Figure 1. The concept of a Global Understanding Environment
When applying the GUN vision, each traditional system component becomes an agent-driven “smart resource”, i.e. proactive and self-managing. This can also be recursive. For example, an interface of a system component can become a smart resource itself, i.e. it can have its own responsible agent, semantically adapted sensors and actuators, history, commitments with other resources, and self-monitoring, self-diagnostics and self-maintenance activities. This could guarantee high level of dynamism and flexibility of the interface. Such approach definitely has certain advantages when compared to other software engineering (SE) technologies, which are integral parts of it, e.g. object-oriented SE, service-oriented architectures, component-based SE, agent-based SE, and semantic SE. This approach is also applicable to various conceptual domain models. For example, a domain ontology can be considered as a smart resource, what would allow having multiple ontologies in the designed system and would enable their interoperability, on-the-fly mapping and maintenance, due to communication between corresponding agents.

We consider resources to be smart if they are Web-accessible, proactive, self descriptive and self managed. What are “resources” however? Semantic Web community mainly considers traditional Web-resources (documents, software, databases, services, etc) as a subject of semantic enhancement (RDF annotation driven by shared ontology and making the resource self-descriptive). However we consider such consideration as essentially restricted. Industrial domains consist of quite a lot of other categories of resources (machines, humans, processes, etc) and interoperability requirements should be valid also to these categories. In our approach we consider the following categories of resources as the subject for “smartening” them (i.e. connecting them to the Web and making them proactive, autonomous and self-descriptive): software and Web-services, data, machines and devices, humans, organizations, communication systems, protocols and networks, processes, concepts, models, ontologies, messages, standards, etc.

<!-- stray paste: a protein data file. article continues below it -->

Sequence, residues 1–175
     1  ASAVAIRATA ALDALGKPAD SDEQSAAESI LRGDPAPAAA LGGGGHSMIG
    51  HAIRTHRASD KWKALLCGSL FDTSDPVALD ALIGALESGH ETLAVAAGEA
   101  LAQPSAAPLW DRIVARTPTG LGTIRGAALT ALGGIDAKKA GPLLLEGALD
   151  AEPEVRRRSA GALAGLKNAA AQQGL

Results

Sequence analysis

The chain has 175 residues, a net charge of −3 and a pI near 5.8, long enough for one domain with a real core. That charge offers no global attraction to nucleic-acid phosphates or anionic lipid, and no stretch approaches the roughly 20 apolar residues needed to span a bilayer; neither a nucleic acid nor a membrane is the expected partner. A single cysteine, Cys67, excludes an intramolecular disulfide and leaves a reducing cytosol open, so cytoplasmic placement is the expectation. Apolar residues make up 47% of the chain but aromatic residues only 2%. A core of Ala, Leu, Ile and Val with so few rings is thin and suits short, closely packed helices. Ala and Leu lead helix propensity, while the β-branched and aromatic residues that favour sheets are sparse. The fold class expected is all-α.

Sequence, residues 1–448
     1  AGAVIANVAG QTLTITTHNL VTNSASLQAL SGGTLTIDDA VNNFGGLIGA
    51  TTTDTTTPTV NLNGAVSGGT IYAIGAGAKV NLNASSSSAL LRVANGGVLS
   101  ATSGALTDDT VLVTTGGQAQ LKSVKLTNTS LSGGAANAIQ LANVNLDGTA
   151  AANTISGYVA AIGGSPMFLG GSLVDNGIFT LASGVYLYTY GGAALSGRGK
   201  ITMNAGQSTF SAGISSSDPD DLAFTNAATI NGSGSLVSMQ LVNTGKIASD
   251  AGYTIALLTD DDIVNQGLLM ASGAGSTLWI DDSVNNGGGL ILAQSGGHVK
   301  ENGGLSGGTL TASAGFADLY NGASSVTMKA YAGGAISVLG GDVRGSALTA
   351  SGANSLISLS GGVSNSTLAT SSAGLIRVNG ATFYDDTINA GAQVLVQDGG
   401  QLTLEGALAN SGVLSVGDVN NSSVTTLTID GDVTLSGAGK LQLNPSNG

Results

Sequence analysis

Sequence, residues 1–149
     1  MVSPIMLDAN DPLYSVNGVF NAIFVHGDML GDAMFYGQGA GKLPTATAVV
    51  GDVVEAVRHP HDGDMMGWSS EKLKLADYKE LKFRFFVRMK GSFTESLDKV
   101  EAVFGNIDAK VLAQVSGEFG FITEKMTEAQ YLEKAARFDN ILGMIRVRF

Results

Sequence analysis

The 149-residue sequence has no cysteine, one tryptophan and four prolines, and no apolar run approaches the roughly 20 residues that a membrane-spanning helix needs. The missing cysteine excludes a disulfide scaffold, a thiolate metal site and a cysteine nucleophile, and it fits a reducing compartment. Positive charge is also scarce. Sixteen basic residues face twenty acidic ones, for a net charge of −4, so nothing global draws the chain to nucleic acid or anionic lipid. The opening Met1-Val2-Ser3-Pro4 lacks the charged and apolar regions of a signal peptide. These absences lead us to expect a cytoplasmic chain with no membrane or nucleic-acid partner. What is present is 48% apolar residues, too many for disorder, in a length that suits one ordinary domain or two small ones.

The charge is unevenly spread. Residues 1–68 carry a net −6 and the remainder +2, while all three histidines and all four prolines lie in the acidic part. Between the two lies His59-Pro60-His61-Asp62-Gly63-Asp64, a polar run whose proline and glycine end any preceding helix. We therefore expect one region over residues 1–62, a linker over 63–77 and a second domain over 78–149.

In this paper we summarize the basic scientific challenges and achievements of SmartResource project as separate chapters (Chapter 2 describes framework for designing adapters to smart resources; Chapter 3 describes the way to model proactivity of the resources; Chapter 4 introduces approach on how to model collaborative behavior of the resources; Chapter 5 summarizes evolution of RDF needed to meet GUN requirements; Chapter 6 presents GUN platform architecture and results of the industrial case studies made with GUN pilot implementation; Chapter 7 briefly summarizes related work) and providing vision (Chapter 8) on how to utilize GUN as agent-driven semantic middleware platform for device interoperability in various smart space environments. Some conclusions are provided in Chapter 9.

2. General Adaptation Framework